YouTube on Thursday stopped placing ads on channels with fewer than 10,000 views in a move aimed at preventing people from making money off offensive or pirated videos.
The move came with YouTube striving to derail an ad boycott started by companies worried their brands might be paired with hateful videos at the service.
"This new threshold gives us enough information to determine the validity of a channel," product management vice president Ariel Bardin said in a blog post.
"It also allows us to confirm if a channel is following our community guidelines and advertiser policies."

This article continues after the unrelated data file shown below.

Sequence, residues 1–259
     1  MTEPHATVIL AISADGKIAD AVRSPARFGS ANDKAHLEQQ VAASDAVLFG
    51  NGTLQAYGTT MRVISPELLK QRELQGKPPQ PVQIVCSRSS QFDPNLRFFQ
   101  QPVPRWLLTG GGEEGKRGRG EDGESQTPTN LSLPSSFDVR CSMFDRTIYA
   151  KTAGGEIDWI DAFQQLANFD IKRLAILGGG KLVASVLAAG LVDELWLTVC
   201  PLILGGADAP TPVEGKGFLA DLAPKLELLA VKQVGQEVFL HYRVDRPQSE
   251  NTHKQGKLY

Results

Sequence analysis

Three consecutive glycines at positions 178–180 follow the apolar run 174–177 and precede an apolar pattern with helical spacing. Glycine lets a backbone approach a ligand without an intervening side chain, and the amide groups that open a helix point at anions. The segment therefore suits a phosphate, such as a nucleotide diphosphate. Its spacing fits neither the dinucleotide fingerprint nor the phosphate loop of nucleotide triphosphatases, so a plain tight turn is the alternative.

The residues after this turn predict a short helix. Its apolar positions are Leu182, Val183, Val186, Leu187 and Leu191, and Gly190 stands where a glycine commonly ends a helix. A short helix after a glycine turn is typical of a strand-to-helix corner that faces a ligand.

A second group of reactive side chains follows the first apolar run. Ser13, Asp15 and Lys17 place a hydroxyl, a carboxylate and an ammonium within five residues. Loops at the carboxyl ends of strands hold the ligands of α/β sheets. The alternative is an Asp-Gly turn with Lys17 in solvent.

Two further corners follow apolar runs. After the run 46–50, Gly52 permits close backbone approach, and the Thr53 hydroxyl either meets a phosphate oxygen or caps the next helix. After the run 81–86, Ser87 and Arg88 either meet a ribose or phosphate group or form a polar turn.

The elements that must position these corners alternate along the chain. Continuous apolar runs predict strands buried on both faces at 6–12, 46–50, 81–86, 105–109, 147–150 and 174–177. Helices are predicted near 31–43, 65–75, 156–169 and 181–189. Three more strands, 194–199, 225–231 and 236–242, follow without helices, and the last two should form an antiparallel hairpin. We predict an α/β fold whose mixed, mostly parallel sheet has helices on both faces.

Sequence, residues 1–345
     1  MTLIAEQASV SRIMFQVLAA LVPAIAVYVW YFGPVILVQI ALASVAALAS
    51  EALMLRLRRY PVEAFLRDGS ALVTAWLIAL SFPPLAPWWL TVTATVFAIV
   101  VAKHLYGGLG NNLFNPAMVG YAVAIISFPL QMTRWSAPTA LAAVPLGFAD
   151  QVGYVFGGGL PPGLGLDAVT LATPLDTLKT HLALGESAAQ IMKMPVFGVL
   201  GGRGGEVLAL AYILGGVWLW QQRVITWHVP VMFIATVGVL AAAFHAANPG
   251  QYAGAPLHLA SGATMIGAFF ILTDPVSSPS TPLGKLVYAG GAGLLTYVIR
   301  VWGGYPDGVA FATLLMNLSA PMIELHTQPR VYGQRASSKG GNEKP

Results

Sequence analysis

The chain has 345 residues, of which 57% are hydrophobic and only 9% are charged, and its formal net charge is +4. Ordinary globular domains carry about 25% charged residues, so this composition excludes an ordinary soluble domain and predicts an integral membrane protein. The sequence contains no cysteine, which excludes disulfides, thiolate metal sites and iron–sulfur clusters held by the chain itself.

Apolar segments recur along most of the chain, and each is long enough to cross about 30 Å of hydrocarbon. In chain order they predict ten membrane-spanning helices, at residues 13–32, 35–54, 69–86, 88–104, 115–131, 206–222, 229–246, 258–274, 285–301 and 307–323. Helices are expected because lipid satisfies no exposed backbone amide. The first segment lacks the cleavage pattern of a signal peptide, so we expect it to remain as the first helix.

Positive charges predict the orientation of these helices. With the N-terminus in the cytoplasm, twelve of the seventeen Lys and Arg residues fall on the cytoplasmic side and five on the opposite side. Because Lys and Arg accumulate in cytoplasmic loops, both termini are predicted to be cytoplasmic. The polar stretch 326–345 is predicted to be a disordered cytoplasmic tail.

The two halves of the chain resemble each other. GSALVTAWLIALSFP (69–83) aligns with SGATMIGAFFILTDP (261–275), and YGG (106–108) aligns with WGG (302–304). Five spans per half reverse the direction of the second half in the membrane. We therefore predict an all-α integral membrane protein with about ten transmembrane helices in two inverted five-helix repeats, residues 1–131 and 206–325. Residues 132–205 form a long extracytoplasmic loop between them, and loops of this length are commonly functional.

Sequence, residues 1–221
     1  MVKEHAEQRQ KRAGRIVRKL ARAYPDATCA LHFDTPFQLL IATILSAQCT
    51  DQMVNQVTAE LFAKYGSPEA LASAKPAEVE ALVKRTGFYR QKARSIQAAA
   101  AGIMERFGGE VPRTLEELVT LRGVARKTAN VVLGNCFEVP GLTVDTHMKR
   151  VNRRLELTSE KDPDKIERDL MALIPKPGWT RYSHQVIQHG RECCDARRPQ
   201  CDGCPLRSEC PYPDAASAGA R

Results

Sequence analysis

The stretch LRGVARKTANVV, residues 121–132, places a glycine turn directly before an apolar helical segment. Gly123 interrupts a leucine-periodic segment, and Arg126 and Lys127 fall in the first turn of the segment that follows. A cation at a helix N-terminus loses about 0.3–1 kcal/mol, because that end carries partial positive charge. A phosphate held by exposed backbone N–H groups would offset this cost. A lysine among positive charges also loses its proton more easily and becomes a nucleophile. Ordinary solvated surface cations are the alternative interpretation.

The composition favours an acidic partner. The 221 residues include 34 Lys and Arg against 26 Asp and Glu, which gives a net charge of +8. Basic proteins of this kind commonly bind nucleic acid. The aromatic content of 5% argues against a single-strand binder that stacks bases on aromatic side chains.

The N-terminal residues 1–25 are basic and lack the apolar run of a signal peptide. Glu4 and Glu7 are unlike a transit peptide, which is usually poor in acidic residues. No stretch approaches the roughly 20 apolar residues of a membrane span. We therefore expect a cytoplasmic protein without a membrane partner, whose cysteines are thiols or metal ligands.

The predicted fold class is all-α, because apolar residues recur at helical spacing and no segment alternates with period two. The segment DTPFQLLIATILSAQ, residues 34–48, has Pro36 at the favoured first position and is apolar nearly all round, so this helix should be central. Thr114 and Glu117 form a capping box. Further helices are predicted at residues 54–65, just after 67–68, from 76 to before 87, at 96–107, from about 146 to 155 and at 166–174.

YouTube also plans to soon add a review process for new "creators" who want money-generating channels as part of a partner program at the video-sharing service, according to Bardin.
After a creator's channel passes the 10,000-view mark, the videos will be reviewed to determine whether they are in keeping with YouTube policies before ads are served up with content.
Google said early this week that it was using new artificial intelligence systems to enforce YouTube video policies and help weed out content objectionable to advertisers.